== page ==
Thank you.

Herilala (author)2016-03-03

Formule pour faire rebobiner une transformateur c'est a dire pour obtenir le nombre de tour par volt

throbscottle (author)Herilala2016-03-03

J'ai utilisé Google translate, il peut ne pas être exacte.
Vent 10 tourne sur le secondaire, appliquer la puissance au primaire, mesurer la tension aux bornes du secondaire. Diviser cette tension de 10, et le résultat est le nombre approximatif de tours par volt.

I used Google translate, it may not be accurate.
Wind 10 turns onto the secondary, apply power to the primary, measure the voltage across the secondary. Divide that voltage by 10, and the result is the approximate number of turns per volt

mushtaqa8 (author)2016-02-15

500 watt power inverter transformer winding primary and secondary coils turns and their wireguage number and winding core case Suse data send me pleas

mushtaqa8 (author)2016-02-15

500 watt power inverter transformer winding primary and secondary coils turns and their wireguage number and winding core case Suse data send me pleas

mushtaqa8 (author)2016-02-15

I made 500 watt power inverter in 40 amp pleas help me which turns and wireguage sutible for primary coils and which turns and wrieguage sutible for secondary coil and winding core case size pleas send me this data soon

throbscottle (author)2014-08-10

Usually the transformers themselves are small, compared to a similar rated normal transformer, but you have a load of electronics to make it work, so there is a box that all that has to fit in.

throbscottle (author)2014-08-04

It will be switched mode then. You have three options. Work out which are the feedback resistors which set the voltage, and change one of them (most efficient, potentially risky), or feed the output into a small buck converter, which will reduce the voltage, or put the output through a linear regulator (least efficient, but also smoothest output)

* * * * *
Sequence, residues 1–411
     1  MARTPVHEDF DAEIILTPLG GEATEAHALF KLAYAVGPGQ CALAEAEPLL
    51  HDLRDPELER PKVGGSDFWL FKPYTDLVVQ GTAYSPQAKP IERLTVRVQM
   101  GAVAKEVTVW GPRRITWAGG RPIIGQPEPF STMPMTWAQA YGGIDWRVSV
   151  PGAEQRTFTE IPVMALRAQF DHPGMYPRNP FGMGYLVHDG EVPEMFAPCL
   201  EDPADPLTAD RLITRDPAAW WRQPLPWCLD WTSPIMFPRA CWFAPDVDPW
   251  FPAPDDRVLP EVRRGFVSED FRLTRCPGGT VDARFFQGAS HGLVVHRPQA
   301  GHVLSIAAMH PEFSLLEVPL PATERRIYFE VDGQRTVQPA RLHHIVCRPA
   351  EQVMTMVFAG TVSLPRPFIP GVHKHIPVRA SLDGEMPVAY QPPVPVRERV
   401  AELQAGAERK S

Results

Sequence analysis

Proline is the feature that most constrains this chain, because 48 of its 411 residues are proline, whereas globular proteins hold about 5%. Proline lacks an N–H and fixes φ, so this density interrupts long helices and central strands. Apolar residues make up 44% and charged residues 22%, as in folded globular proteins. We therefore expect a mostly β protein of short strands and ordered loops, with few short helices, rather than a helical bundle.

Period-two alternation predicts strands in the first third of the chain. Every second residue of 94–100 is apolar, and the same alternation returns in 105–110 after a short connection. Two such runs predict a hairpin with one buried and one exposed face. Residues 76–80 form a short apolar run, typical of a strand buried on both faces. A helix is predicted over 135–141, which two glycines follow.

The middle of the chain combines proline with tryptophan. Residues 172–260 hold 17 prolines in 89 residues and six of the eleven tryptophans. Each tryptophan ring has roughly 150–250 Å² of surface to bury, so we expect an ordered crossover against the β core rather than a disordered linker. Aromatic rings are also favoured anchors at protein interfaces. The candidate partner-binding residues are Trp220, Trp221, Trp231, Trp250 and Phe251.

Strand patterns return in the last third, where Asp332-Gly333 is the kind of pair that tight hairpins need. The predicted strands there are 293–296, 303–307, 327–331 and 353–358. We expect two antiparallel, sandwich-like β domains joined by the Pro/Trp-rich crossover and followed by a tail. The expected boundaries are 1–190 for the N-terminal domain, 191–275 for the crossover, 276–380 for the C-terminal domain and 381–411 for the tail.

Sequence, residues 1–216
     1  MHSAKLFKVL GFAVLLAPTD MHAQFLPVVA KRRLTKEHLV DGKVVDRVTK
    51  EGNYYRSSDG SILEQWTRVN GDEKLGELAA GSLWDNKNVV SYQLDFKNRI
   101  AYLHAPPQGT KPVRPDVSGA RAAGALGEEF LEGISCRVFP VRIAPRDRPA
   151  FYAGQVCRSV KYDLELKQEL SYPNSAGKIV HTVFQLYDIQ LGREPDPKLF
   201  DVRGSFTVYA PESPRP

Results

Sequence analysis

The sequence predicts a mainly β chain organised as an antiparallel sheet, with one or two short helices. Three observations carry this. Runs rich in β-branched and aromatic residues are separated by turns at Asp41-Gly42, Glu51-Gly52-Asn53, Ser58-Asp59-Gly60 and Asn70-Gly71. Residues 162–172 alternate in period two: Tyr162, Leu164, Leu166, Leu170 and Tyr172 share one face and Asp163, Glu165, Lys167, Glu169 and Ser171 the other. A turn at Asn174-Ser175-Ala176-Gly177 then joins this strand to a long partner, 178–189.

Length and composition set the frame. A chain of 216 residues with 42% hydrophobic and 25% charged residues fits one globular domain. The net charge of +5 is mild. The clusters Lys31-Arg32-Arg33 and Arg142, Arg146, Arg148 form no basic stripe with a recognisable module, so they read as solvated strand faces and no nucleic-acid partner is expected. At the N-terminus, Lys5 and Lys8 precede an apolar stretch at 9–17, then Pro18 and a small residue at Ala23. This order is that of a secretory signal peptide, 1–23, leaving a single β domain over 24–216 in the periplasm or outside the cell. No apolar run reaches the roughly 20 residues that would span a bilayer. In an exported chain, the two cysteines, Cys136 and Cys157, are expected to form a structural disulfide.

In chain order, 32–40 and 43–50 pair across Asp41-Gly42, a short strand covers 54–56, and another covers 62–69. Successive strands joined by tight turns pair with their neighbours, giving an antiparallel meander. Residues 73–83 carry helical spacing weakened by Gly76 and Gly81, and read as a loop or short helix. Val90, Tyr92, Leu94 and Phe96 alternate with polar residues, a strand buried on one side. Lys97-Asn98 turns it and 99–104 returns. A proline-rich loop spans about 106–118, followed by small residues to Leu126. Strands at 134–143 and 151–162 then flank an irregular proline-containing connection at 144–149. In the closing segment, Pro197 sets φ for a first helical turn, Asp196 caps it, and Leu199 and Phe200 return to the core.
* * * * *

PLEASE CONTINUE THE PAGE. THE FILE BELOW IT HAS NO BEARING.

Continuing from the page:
wilgubeast (author)2014-08-01

"It is presented here as a way of making something I needed, with the materials I had available."

Awesome. I suspect you'd dig this interview the previous commenter did with us a bit ago.

throbscottle (author)wilgubeast2014-08-02

You put a bogus link!

wilgubeast (author)throbscottle2014-08-04

aw snap. https://www.instructables.com/id/Featured-Author-rimar2000/

fozzy13 (author)2014-08-03

This is really cool. Thanks for sharing your experience in this with the rest of us! I'm always nervous about trying to rewind transformers, but if I thin I need to in the future I'll definitely reference this.

wblakesx (author)2014-08-03

A diode to use 1/2 cycle, resistor (nichrome, lightbulb, why) to form a voltage divider, a diac or triac lamp dimmer for variable va? a cheap used variac?

FtForger (author)2014-08-02

if the differing voltages on the output are just taps off a single winding, couldn't you have taken the output across the 15.4 to the 40.5 to get 25.1? Or were the outputs independent windings with separate ground connections? If they were truly independent windings for the output, you may have been able to connect the outputs of the 15 volt windings to the input power (have to check the polarity of the windings) to buck the primary, reducing its voltage, which would then also reduce the output of the 40v winding (would take some experimentation to get the polarity right and knowledge of the winding ratios to determine the reduction, and measure to verify).

throbscottle (author)FtForger2014-08-02

Unfortunately it was 3 separate windings, the thicknesses being different too, but otherwise that would have been a really good idea! Don't quite get what you mean about "buck the primary"?

FtForger (author)throbscottle2014-08-02

If you wire one of the secondaries to the same input as the primary, but have it such that the magnetic field is opposing the field of the primary, then the other secondaries will have reduced output.

throbscottle (author)2014-08-02

You would get the same amount of power, so a 7.5V adapter at 1A gives you 7.5VA. 7.5VA divided by 3V gives you 2.5A. However unless it's quite an old adapter it's probably switched mode, and you definitely don't want to go tinkering with that!

technovative (author)2014-08-02

I admire your tenacity. Well done!

tominjose (author)2014-08-01

nice work!

rimar2000 (author)2014-07-26

Very interesting work.

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Bio: Loving getting back into electronics as a hobby after a break of many years. Now I work as an EPOS engineer, so I spend my ... More »